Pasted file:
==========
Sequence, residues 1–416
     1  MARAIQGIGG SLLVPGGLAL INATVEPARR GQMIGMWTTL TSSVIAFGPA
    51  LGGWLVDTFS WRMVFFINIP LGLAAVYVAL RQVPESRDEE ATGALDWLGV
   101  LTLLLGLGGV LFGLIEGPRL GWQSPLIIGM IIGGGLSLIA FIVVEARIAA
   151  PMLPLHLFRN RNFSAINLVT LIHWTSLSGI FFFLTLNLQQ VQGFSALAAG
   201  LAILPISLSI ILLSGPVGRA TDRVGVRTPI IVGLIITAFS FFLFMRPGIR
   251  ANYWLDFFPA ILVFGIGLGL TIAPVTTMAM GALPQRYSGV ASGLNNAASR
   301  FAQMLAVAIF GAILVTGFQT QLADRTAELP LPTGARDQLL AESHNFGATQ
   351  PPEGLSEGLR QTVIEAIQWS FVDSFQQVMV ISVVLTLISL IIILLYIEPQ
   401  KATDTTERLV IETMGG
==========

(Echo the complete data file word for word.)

Sequence, residues 1–416
     1  MARAIQGIGG SLLVPGGLAL INATVEPARR GQMIGMWTTL TSSVIAFGPA
    51  LGGWLVDTFS WRMVFFINIP LGLAAVYVAL RQVPESRDEE ATGALDWLGV
   101  LTLLLGLGGV LFGLIEGPRL GWQSPLIIGM IIGGGLSLIA FIVVEARIAA
   151  PMLPLHLFRN RNFSAINLVT LIHWTSLSGI FFFLTLNLQQ VQGFSALAAG
   201  LAILPISLSI ILLSGPVGRA TDRVGVRTPI IVGLIITAFS FFLFMRPGIR
   251  ANYWLDFFPA ILVFGIGLGL TIAPVTTMAM GALPQRYSGV ASGLNNAASR
   301  FAQMLAVAIF GAILVTGFQT QLADRTAELP LPTGARDQLL AESHNFGATQ
   351  PPEGLSEGLR QTVIEAIQWS FVDSFQQVMV ISVVLTLISL IIILLYIEPQ
   401  KATDTTERLV IETMGG